Dr. Surnam also ignores important elements of things he himself saw.

*Kaya's feet were both jammed so hard, as a result of the cell door having been closed on them, that they had the marks of the bottom edge of the door imprinted onto the soles. It is impossible that after he had died, he could have jammed his feet under an already closed cell door. The photographs show this clearly, as well. Is it not the case that Kaya was projected into his cell, and the cell door closed after him, jamming his feel under the door?

*Kaya's nose bled before he died. When his body was found, he was face downward. And yet there is a clear mark of blood from his nose to his ear, and blood had accumulated behind his head and in his hair behind his head. There is no way that a hemorrhage could cause blood to rise upwards against the very laws of gravity.

*Dr. Surnam chooses to ignore all the quite serious injuries on Kaya's back, which he himself says Kaya received some hours before his death. How could a fit and fall have caused these back injuries?

By way of conclusion, it needs to be mentioned that Dr. Surnam is an employee of the Police force. He is a Police Medical Officer, and not a state hospital doctor. He is not independent. Firstly, he takes his orders from the Commissioner of Police. It is a conflict of interest that he should conduct the autopsy in a case where a colleague, a fellow police officer, could potentially be accused.

Secondly, he acts as the family doctor who looks after police officers and their families, when they have health problems. A police officer having trouble with insomnia, for example, goes for advice and help to the Police Medical Officer. This puts the PMO into an ethically difficult position. He has to be loyal to his patient, and maintain professional reserve about what he knows about his patient.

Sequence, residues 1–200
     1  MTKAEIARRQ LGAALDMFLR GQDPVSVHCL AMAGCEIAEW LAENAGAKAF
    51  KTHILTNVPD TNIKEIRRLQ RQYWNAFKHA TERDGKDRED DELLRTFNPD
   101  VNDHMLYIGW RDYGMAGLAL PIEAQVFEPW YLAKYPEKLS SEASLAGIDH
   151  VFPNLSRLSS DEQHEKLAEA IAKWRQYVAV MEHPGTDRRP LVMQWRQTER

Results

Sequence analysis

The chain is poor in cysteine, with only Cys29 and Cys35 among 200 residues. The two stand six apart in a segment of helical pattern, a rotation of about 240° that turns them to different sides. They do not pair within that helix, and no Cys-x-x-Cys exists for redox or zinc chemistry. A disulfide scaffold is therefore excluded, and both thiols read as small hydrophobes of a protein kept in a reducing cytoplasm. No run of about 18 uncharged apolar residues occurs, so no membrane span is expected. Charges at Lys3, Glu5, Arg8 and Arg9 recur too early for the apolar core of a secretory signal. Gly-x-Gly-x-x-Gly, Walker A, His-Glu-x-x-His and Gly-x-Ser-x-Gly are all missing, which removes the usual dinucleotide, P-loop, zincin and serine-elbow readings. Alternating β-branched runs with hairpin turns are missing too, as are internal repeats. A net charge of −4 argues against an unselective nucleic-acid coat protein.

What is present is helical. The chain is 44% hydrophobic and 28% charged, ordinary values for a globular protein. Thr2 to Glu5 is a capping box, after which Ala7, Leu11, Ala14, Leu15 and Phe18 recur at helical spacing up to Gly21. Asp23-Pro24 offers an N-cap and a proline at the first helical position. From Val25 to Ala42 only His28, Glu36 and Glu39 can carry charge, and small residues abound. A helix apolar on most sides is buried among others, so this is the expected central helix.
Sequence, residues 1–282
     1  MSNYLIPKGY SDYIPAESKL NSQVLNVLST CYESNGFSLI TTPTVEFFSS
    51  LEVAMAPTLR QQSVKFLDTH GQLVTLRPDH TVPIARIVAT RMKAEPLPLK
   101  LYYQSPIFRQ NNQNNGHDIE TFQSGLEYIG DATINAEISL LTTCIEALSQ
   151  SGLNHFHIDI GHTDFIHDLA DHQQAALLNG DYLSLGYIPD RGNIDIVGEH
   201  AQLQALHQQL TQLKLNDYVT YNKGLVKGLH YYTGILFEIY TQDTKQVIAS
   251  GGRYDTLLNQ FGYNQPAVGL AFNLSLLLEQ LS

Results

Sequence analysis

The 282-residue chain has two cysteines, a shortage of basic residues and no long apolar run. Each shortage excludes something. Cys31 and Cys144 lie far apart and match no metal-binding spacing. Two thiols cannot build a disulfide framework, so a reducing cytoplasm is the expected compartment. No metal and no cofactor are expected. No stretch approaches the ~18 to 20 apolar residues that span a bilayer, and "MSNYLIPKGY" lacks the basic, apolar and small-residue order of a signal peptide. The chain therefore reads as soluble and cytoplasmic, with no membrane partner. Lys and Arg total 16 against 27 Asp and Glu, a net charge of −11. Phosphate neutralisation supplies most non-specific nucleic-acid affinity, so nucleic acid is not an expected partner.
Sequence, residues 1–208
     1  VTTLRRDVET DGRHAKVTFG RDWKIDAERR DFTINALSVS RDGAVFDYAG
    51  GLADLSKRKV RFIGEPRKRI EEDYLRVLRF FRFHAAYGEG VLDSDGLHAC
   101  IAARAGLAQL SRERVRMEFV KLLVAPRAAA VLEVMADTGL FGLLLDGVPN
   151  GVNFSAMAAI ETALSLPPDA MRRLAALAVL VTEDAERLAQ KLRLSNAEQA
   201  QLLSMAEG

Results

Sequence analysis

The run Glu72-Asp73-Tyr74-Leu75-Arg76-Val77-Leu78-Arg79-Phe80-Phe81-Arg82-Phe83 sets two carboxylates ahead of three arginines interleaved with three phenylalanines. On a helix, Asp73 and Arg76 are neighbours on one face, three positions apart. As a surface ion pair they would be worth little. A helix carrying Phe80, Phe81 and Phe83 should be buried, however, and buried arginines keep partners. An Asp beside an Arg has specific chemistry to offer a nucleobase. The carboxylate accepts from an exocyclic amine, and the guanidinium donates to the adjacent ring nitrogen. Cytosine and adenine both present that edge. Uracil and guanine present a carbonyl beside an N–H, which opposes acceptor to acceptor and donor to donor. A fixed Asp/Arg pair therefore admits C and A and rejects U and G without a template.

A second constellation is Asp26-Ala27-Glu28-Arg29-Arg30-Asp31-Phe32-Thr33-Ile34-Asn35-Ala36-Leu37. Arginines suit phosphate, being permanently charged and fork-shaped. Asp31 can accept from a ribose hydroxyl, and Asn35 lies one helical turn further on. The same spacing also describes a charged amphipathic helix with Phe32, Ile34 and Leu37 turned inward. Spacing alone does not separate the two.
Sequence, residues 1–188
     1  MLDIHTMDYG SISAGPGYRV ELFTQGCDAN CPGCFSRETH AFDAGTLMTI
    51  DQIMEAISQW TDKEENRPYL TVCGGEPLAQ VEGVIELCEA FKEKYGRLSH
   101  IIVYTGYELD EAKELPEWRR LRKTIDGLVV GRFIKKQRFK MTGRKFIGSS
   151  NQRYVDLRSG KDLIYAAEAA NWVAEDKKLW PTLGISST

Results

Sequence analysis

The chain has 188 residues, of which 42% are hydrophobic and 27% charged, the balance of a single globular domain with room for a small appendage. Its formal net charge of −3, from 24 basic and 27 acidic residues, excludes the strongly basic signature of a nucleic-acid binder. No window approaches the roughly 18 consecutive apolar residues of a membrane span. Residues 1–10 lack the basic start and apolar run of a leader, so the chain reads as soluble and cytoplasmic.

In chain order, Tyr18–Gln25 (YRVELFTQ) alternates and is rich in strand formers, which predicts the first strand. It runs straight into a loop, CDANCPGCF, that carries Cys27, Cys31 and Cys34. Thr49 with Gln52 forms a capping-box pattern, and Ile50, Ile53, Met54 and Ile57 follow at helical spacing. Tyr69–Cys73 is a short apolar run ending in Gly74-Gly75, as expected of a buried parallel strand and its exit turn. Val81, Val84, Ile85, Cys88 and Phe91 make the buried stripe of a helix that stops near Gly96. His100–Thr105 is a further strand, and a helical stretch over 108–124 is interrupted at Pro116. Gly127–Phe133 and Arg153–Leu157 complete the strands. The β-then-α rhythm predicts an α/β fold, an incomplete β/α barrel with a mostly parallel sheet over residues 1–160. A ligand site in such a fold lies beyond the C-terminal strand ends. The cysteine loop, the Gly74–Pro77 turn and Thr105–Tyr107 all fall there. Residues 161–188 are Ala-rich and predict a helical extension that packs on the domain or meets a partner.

The findings of the Judicial Inquiry, based on what the DPP told Kaya's widow that Magistrate Kam Sing had informed him, were that there is no "foul play".

For this to be the case, it implies that the Magistrate was totally influenced by the evidence given by Dr. White. He is the only doctor who had said there was no foul play. All the others had said there was some form of injury due to violence.

There were altogether six doctors who were involved.

Five of them said that death was due to a shock or violence.

Only Dr. White, who never examined the body or studied any specimens under the microscope, said the death was natural (illness) and that there had been police negligence.
The quest for the truth must continue, despite what the Magistrate's findings may say.

FOOTNOTE: This is an English translation of the speech, delivered by Dr. Ram Seegobin on 6th December, 2003 at the public forum organized by the new association, JUSTICE to mark the United Nations HUMAN RIGHTS DAY. The forum was at the Mother Earth Hall in the Ledikasyon pu Travayer Building in Grand River North West, Port Louis. The speech was an analysis of the medical evidence presented in the Judicial Inquiry into the death of Reginald Topize, the famous singer, Kaya, who was found dead in the Alcatraz Police Cells at Line Barracks on 21st February, 1999. His death, and the lack of an appropriate response on the part of the authorities, led to three days of rebellion against the police and the authorities in the country.

This translation was checked by Dr. Seegobin on 22nd February, 2004.